Co-ops Achieved Most of Habitat II Agenda on a Micro Level (1996)

    ----------------------------------------------------------
    This document has been made available in electronic format
         by the International Co-operative Alliance ICA
    ----------------------------------------------------------
                         July, 1996

            (Source: ICA News, Issue No.3/1996- pp.1-2)


          "Co-ops Achieved Most of Habitat II Agenda
                    on a Micro Level"
          *******************************************



The Habitat Agenda adopted by governments at the United
Nations Conference on Human Settlement in Istanbul last month
is the most comprehensive statement of recognition of the
co-operative contribution to sustainable development yet
issued by the UN system.  With nearly twenty references to
possible partnerships with governments and civil society in
all sectors that will lead to healthier, safer and sustainable
urban settlements, the document will be a tool for the
co-operative movement to use to forge new partnerships and
strengthen existing ones.

Rolf Trodin, President of ICA Housing, presented the ICA
statement during the Plenary session of Habitat II on 7 June
1996.  He noted that the co-operative principles and values
address many of the goals of the conference and that the
co-operative movement continues to successfully meet the
challenges and concerns to which Habitat II was now drawing
world attention.

He stressed that, "...in realising the agenda of Habitat II,
national governments are more likely to find inspiration in
the co-op housing model than in any other housing option. We
have achieved most of the agenda already on a micro level. At
the international level, the co-op movement has an ongoing
history of bringing together the northern and southern co-op
sectors for their mutual benefit. Co-op housing has the answer
to many of human beings' deepest needs: for shelter, for
community, for control over their own lives, for values. We
urge those leaders present at Habitat II to work with the
co-op housing movement in seeking out development
partnerships, which can solve their shelter problem by giving
citizens access to the one form of housing that offers more
than just a place to live."

Co-operators from around the world joined the ICA in making
sure that the governments were aware of the important
contribution of the housing co-operative movement.
Co-operators from  Austria,  Canada, Chile, Czech Republic,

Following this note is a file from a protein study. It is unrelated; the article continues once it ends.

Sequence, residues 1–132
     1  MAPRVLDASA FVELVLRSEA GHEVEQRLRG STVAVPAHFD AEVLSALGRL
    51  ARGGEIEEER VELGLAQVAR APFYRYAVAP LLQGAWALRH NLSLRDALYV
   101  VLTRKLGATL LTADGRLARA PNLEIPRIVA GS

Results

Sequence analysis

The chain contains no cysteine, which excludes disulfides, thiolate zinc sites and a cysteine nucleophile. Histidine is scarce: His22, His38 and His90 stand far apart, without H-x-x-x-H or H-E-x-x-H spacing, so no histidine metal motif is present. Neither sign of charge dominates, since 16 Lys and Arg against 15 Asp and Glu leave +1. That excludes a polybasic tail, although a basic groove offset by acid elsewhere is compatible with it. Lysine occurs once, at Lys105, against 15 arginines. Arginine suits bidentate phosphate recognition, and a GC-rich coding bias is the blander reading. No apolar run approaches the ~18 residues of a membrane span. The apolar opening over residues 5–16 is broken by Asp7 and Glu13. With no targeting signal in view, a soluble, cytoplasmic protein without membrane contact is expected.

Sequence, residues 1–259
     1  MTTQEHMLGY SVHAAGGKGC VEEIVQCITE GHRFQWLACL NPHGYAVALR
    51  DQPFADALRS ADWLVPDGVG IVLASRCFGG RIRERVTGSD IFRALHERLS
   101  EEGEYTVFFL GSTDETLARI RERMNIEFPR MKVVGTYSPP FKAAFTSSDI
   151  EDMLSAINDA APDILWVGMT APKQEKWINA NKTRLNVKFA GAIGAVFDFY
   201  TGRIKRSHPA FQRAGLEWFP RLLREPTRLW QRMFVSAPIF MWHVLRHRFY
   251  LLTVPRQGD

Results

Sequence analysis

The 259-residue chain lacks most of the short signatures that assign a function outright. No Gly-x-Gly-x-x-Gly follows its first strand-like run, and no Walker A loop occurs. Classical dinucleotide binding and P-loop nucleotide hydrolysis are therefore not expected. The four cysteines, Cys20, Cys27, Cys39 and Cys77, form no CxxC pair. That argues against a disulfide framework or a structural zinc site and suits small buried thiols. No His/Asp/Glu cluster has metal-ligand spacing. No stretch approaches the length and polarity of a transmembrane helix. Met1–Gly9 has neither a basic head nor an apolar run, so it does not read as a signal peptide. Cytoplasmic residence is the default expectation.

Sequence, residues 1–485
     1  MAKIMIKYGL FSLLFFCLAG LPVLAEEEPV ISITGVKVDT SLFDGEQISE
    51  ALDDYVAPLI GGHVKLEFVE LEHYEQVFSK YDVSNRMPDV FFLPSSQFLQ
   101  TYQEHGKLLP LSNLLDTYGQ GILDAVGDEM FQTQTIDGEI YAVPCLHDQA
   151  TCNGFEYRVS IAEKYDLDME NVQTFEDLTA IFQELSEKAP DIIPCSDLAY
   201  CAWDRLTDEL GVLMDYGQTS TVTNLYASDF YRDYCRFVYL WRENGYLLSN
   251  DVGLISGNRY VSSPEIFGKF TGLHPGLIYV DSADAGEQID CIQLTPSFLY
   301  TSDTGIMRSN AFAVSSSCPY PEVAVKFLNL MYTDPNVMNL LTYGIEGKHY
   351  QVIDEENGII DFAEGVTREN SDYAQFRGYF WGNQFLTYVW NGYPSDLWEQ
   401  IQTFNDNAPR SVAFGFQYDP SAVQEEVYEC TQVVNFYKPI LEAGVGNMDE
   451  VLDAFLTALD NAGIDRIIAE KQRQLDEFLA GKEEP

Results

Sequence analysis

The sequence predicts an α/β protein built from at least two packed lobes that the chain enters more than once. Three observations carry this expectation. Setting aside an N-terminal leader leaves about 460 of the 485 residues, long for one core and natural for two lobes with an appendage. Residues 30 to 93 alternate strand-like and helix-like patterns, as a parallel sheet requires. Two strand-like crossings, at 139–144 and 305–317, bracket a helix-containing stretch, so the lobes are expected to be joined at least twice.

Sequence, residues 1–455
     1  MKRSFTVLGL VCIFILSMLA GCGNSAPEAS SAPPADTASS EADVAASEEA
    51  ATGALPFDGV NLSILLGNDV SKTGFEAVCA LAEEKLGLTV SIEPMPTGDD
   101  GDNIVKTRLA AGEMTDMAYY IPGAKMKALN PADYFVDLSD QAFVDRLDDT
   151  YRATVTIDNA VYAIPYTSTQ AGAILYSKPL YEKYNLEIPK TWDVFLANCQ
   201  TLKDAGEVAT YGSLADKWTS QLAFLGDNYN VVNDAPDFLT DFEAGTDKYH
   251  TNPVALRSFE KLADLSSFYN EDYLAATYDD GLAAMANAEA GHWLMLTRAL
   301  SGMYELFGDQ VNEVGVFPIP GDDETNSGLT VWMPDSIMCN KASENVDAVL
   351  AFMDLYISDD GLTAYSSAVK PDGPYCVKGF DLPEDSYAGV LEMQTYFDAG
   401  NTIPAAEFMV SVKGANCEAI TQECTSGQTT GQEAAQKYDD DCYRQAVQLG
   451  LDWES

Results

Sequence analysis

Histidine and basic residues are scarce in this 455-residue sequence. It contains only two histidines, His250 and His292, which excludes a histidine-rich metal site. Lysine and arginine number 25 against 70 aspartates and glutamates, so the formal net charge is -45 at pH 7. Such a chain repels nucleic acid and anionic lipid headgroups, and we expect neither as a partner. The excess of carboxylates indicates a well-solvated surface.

Kenya, Germany, India, Norway, Sweden, Turkey, United Kingdom,
Uruguay, USA, Zambia, and Zimbabwe also attended the
conference and the parallel events held at the NGO Forum.

ICA Housing Co-operatives held both a Board meeting and
General Assembly in Istanbul allowing many of their members
the opportunity to participate in the numerous events and
meetings taking place during Habitat II.  Many reported having
been able to make excellent contacts.  A special seminar on
movement-to-movement assistance was also held attracting
participants from national delegations and the NGO community.

A number of stands showing the successes of the co-operative
movement were also put up at the NGO Forum including the ICA
Housing photo exhibit on movement-to-movement assistance.

Co-operative Housing Foundation (USA) and a number of Turkish
co-operative organizations including Kent-Koop, Turkkent,
Taris, Union of Bornova Housing Co-operatives, also had
stands.

The Turkish Housing Co-operative Movement also held seminars
to present their successes and challenges for the future.

               Co-operative Initiatives Receive
                  Best Practices' Recognition
               *********************************

Launched by the United Nations Centre for Human Settlements as
part of the preparatory process for Habitat II, `the City
Summit', the Best Practices Initiative aimed to forge a
positive vision of the urbanizing world by focusing attention
on practical solutions to some of the most pressing social,
economic and environmental problems. 

Over 600 entries were submitted from 90 countries.  The top
twelve entries received awards with a further 100 entries put
on the `Best 100 List' and others considered to be `Good
Practices'. 

Co-operatives were prominent in the entries.  Each initiative
was judged on its impact, partnerships, and sustainability.
In addition, criteria regarding leadership, transparency,
empowerment of people and responsiveness of social and
cultural diversity, potential for replaceability, and
appropriateness to the local conditions.

SEWA, the Self Employed Women's Bank, established by the
co-operative and trade union movements in India was one of the
award winners for its success in providing loans at market
rates to women who would otherwise not have access to credit.

In the `Best 100 List', co-operative initiatives in Brazil,
China, Costa Rica, Egypt, Germany, Norway, Pakistan and
Venezuela were selected.  Other co-operative initiatives were
considered to be `Good practices'.

For further information on the initiatives see http://www.
bestpractices.org.